TRANSCAUCASIA (Russian : Закавказье), or the SOUTH CAUCASUS, is a geographical region in the vicinity of the southern Caucasus Mountains on the border of Eastern Europe and Western Asia . Transcaucasia roughly corresponds to modern Georgia , Armenia , and Azerbaijan . Transcaucasia and Ciscaucasia (North Caucasus) together comprise the larger Caucasus geographical region that divides Eurasia .
Transcaucasia spans the southern portion of the
and their lowlands, straddling the border between the continents of
All of present-day
Armenia is in Transcaucasia; the majority of
present-day Georgia and
Azerbaijan , including the exclave of
Nakhchivan , also fall within the region. Parts of
* 1 Etymology * 2 History * 3 Wine * 4 See also * 5 References * 6 External links
_Transcaucasia_ is a Latin rendering of the Russian-language word _Zakavkazie_ (Закавка́зье), meaning "the area beyond the Caucasus Mountains". This implies a Russian vantage point, and is analogous to similar terms such as Transnistria and Transleithania . Other forms of this word include _Trans-Caucasus_ and _Transcaucasus_. The region is also referred to as _Southern Caucasia_ and the _South Caucasus_.
Located on the peripheries of
Ancient kingdoms of the region included Armenia , Albania and Iberia , among others. These kingdoms were later incorporated into various Iranian empires, including the Achaemenid Empire , the Parthian Empire , and the Sassanid Empire , during which Zoroastrianism became the dominant religion in the region. However, after the rise of Christianity and conversion of Caucasian kingdoms to the new religion , Zoroastrianism lost its prevalence and only survived because of Persian power and influence still lingering in the region. Thus, Transcaucasia became the area of not only military, but also religious convergence, which often led to bitter conflicts with successive Persian empires (and later Muslim-ruled empires) on the one side and the Roman Empire (and later the Byzantine Empire ) on the other side.
The Iranian Parthians established and installed several eponymous branches in Transcaucasia, namely the Arsacid dynasty of Armenia , the Arsacid dynasty of Iberia , and the Arsacid Dynasty of Caucasian Albania .
In the middle of the 8th century, with the capture of Derbend by the Umayyad armies during the Arab–Khazar wars , most of Transcaucasia became part of the Caliphate and Islam spread throughout the region. Later, the Orthodox Christian Kingdom of Georgia dominated most of Transcaucasia. The region was then conquered by the Seljuk , Mongol , Turkic , Safavid , Ottoman , Afsharid and Qajar dynasties.
After two wars in the first half of the 19th century, namely the Russo-Persian War (1804-1813) and the Russo-Persian War (1826-1828) , the Russian Empire conquered most of Transcaucasia (and Dagestan in the North Caucasus ) from the Iranian Qajar dynasty, severing historic regional ties with Iran. The 1804-1813 war made Iran irrevocably cede modern-day Dagestan , eastern part of Georgia , and most of Azerbaijan to Russia, as confirmed by the 1813 Treaty of Gulistan , while the 1826-1828 made them lose all of what is modern-day Armenia and the remainder of the contemporary Azerbaijani Republic that remained in Iranian hands. The 1826-1828 conquerings were confirmed in the 1828 Treaty of Turkmenchay . In 1801, what is now Georgia was formally incorporated into the Russian Empire. After 1828-1829 war, Ottomans ceded Western Georgia except Adjaria , which was known as Sanjak of Batum, to Russians in 1829. Finally after Russo-Turkish War (1877–1878) , Russians completed conquest of Transcaucasus.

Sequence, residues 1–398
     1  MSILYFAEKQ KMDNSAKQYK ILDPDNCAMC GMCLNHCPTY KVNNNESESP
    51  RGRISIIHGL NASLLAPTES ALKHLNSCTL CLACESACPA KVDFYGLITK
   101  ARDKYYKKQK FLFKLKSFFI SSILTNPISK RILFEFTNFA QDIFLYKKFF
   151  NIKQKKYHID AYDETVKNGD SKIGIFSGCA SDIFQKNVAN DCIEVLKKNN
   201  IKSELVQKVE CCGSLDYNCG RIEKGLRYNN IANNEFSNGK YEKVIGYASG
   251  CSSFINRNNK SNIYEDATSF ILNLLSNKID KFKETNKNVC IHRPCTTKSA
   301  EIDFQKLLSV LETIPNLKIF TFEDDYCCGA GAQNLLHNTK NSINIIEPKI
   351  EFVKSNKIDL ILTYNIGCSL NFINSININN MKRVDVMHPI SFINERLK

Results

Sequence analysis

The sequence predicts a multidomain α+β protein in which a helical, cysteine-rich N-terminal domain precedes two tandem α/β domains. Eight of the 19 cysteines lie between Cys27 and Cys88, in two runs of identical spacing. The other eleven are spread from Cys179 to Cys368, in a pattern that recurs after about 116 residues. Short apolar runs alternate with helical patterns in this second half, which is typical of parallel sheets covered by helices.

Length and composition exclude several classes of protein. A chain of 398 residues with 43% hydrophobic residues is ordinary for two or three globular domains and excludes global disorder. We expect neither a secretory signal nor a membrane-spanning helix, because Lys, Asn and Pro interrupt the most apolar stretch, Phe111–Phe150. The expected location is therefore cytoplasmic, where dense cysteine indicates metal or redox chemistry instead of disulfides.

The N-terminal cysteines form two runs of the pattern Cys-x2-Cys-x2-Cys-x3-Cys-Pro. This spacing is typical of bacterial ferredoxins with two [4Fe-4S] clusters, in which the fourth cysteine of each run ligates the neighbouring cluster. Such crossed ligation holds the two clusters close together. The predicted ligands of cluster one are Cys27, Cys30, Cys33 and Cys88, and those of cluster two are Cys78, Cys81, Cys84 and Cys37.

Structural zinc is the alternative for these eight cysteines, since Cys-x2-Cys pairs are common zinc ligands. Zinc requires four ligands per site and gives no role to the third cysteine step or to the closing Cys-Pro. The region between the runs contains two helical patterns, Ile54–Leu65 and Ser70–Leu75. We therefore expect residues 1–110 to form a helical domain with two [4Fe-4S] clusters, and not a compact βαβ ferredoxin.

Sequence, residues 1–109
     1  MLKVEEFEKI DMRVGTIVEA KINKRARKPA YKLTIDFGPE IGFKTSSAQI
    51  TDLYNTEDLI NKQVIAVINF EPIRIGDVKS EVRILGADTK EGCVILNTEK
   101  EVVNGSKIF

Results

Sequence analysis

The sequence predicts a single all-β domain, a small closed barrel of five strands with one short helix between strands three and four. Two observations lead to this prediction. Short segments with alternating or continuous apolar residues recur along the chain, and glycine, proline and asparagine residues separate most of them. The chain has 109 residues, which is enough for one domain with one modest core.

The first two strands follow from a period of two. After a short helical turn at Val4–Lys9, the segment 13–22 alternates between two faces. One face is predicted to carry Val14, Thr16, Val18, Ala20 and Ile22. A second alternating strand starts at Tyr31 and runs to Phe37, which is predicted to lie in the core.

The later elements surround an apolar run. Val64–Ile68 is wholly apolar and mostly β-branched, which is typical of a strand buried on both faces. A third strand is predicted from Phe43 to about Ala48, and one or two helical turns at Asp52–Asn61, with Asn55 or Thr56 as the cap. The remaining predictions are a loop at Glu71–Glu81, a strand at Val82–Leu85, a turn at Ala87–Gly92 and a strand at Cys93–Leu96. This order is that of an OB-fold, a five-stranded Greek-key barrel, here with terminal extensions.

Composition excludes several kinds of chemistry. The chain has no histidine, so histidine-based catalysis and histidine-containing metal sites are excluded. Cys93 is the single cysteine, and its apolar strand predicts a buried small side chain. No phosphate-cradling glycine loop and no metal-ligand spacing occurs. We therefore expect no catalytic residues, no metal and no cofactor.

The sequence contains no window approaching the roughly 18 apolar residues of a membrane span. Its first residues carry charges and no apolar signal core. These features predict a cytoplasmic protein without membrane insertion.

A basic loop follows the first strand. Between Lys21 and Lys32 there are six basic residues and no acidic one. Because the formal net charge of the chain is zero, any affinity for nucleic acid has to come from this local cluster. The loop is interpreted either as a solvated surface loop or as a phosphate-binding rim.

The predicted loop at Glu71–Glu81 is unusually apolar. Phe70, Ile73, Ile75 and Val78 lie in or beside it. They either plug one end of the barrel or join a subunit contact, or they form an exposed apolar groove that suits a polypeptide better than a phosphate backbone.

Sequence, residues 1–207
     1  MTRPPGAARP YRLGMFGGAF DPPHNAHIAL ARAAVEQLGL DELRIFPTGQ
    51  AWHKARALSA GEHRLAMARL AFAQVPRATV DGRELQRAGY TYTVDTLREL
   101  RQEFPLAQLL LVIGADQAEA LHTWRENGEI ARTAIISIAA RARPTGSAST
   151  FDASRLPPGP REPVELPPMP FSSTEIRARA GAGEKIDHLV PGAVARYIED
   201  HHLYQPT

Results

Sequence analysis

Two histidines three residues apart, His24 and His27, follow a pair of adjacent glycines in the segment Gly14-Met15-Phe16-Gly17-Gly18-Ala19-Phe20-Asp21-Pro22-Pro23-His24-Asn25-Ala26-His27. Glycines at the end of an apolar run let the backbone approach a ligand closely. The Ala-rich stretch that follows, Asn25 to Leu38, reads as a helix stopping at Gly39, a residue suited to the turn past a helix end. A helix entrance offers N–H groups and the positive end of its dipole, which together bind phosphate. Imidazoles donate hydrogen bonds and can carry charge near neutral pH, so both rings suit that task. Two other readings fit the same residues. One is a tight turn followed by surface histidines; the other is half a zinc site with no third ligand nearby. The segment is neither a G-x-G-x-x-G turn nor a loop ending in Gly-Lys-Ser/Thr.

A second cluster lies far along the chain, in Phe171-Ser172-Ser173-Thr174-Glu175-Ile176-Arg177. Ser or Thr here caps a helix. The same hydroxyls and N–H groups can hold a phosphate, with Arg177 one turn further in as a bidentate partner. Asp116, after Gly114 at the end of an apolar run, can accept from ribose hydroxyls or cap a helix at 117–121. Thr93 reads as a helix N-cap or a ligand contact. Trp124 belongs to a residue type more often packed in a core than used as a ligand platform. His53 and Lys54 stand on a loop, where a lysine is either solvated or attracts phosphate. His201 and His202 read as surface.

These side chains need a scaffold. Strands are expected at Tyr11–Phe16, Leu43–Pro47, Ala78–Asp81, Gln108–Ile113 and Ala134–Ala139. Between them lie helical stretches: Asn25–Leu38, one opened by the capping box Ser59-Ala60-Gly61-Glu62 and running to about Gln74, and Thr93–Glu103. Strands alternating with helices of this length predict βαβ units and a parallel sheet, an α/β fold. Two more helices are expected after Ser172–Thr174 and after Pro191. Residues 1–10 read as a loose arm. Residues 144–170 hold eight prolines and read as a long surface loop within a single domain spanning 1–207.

In 1844, Georgia ,
Azerbaijan were combined into a single
czarist government-general, which was termed a vice-royalty in
1844-1881 and 1905-1917. Following the 1877-78 Russo-Turkish War ,
After the fall of the Russian Empire in 1918, the Transcaucasia region was unified into a single political entity twice, as Transcaucasian Democratic Federative Republic from 9 April 1918 to 26 May 1918, and as Transcaucasian Socialist Federative Soviet Republic from 12 March 1922 to 5 December 1936, each time to be dissolved into separate republics Armenia , Azerbaijan and Georgia .
In August 2008, the Russo-Georgian War took place across Transcaucasia, contributing to further instability in the region, which is as intricate as the Middle East, due to the complex mix of religions (mainly Muslim and Orthodox Christian) and ethno-linguistic groups.
Transcaucasia, in particular where modern-day
* Caucasus * Caucasus Greeks * Community for Democracy and Rights of Nations * Eastern Europe * Eurasian Economic Union * Eurovoc * North Caucasus (Ciscaucasia) * Ibero-Caucasian languages * Peoples of the Caucasus * Post- Soviet states
* ^ "Caucasus". _The World Factbook_. Library of Congress. May
2006. Retrieved 7 July 2009.
* ^ Mulvey, Stephen (16 June 2000). "The Caucasus: Troubled
borderland". _News_. BBC. Retrieved 1 July 2009. _"The Caucasus
Mountains form the boundary between West and East, between
* World StatesMen-